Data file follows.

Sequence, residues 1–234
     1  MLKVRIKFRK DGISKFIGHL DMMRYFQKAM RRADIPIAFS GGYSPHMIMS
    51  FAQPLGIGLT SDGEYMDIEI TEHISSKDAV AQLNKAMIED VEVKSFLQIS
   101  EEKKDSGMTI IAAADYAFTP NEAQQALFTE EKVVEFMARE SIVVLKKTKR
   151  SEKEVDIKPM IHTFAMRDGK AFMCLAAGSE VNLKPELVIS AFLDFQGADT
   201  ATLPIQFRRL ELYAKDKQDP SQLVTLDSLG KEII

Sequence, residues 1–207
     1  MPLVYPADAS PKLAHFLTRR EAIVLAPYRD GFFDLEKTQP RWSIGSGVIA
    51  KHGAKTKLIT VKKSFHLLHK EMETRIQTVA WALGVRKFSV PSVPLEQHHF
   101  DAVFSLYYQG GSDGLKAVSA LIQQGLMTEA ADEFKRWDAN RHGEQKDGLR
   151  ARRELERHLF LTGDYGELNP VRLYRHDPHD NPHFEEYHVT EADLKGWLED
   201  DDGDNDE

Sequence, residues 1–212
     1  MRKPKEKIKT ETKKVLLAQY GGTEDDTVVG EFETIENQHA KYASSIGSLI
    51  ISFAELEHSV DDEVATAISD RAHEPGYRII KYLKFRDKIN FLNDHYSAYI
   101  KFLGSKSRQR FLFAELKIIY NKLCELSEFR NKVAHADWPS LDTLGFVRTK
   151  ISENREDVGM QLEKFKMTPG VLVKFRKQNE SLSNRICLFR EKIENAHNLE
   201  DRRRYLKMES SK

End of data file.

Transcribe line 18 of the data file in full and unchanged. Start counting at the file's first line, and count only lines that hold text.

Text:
   201  DRRRYLKMES SK